Like, I’m never going to buy from the not network marketing brand ever again. Like, this is so disappointing. And the backlash was so severe and so quick that this $1,000,000,000 brand pulled out of a collaboration with another $1,000,000,000 brand because of what people are saying on the Internet.

And I was like, to me and my, you know, my friends were in the comment section and, like, crying and upset and mad and all these things.

And to me, it was just like, holy mother. Like, this is a moment that, like, we have to do better. Because I’m not here to convince someone that, like, network market like, it’s not a scam or whatever. I’m here to, like, fix it from the inside out.

Developing “No Shame Sales Game” and Network Marketing Consulting

So let’s act differently so that those people don’t have as much of a leg to stand on when they’re affecting things. So I just started No Shame Sales Game, which is an Instagram account. And it was completely anonymous. Like nobody I didn’t, my face was not tied to it.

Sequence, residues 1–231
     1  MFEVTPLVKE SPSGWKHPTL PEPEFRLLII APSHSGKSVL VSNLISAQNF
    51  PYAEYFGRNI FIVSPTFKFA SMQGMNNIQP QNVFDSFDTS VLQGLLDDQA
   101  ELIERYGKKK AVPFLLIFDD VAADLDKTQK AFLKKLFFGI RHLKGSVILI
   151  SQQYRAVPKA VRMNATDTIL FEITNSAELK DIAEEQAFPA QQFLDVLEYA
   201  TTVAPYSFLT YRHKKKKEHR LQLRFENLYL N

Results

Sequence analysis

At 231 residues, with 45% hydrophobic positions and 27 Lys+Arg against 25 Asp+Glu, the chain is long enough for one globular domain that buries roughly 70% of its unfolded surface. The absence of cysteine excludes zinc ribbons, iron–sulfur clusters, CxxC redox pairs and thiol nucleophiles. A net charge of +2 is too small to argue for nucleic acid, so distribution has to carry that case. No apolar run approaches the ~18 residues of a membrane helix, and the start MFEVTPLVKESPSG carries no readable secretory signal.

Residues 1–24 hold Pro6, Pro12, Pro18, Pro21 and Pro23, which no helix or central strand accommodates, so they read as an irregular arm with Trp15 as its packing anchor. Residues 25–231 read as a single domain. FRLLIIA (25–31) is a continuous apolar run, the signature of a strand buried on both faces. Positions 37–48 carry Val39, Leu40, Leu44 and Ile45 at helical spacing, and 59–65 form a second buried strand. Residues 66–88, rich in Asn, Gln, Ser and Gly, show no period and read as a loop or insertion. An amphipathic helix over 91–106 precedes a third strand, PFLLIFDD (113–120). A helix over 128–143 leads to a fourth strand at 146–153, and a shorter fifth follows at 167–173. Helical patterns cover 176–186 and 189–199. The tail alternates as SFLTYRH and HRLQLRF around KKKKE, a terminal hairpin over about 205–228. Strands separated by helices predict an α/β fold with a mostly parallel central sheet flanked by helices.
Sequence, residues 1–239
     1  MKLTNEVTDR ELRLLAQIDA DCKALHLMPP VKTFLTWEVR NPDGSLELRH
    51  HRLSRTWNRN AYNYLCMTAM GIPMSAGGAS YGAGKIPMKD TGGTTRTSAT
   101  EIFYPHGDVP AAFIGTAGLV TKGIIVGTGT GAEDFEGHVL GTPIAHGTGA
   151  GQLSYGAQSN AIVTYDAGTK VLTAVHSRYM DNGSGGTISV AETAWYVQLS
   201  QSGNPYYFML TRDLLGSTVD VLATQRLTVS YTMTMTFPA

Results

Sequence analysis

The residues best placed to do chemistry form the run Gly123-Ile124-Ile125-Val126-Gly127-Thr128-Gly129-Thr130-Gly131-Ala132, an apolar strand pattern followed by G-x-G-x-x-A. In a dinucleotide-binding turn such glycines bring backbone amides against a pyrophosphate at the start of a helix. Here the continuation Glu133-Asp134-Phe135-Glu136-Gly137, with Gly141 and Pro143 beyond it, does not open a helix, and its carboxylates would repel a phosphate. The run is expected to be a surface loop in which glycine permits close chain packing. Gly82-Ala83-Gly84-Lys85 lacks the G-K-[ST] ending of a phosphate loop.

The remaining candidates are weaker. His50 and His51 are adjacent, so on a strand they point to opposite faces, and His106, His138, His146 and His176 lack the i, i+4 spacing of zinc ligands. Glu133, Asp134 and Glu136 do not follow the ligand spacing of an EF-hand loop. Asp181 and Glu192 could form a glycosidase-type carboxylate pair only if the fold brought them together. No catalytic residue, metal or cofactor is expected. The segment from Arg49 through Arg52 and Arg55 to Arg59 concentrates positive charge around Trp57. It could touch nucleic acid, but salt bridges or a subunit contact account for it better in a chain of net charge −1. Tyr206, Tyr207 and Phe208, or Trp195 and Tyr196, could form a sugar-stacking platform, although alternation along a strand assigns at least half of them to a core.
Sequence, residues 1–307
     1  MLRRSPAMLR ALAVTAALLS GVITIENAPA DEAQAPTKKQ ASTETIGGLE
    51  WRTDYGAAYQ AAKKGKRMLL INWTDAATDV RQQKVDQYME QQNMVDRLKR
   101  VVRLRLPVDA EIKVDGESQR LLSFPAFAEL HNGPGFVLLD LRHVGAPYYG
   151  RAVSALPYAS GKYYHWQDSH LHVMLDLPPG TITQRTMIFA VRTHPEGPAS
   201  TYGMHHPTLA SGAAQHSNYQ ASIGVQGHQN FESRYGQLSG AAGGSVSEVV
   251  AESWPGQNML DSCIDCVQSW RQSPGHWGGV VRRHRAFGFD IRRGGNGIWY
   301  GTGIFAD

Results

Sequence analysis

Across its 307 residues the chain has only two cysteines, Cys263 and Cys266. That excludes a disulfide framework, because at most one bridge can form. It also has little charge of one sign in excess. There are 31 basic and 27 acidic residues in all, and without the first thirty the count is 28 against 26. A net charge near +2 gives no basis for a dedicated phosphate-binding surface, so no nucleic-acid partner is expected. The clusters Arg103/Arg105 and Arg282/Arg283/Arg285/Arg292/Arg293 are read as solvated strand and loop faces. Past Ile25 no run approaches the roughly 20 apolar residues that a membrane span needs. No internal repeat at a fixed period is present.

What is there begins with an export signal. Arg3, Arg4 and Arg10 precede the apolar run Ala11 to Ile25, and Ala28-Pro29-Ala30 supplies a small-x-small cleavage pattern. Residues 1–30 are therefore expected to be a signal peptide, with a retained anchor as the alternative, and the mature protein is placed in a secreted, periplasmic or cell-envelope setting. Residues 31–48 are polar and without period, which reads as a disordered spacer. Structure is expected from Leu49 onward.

My name was not tied to it. Nobody but my husband knew what it was. And it started growing rapidly. Like, I didn’t promote anything. I didn’t do ads. But that’s the beauty of network marketing because people found it and they liked it and they shared it and more people found it and liked it and shared it and it grew. And it’s just a testament to that. So, you know, it got to the point where it’s like, you know, 5,000 followers, 10, 20, 30, 40,000 followers.

And my real life friends were sending me no shame sales game posts being like, have you seen this account? And afterwards

Julie:
They did not know it was you.

Colleen:
No. And I was like Oh,

Julie:
that’s so classic.

Colleen:
Yeah. I’m like, yes. Period. I have seen that. That’s not a lie. And then it got to the point of, like, this sounds just like you. And I’m like, oh, okay. So then I finally was like, hello.

My name’s Colleen, and I’m the one that’s been here for the past couple months. So, hello. And that’s how it came to be. But that was not the plan.

Julie: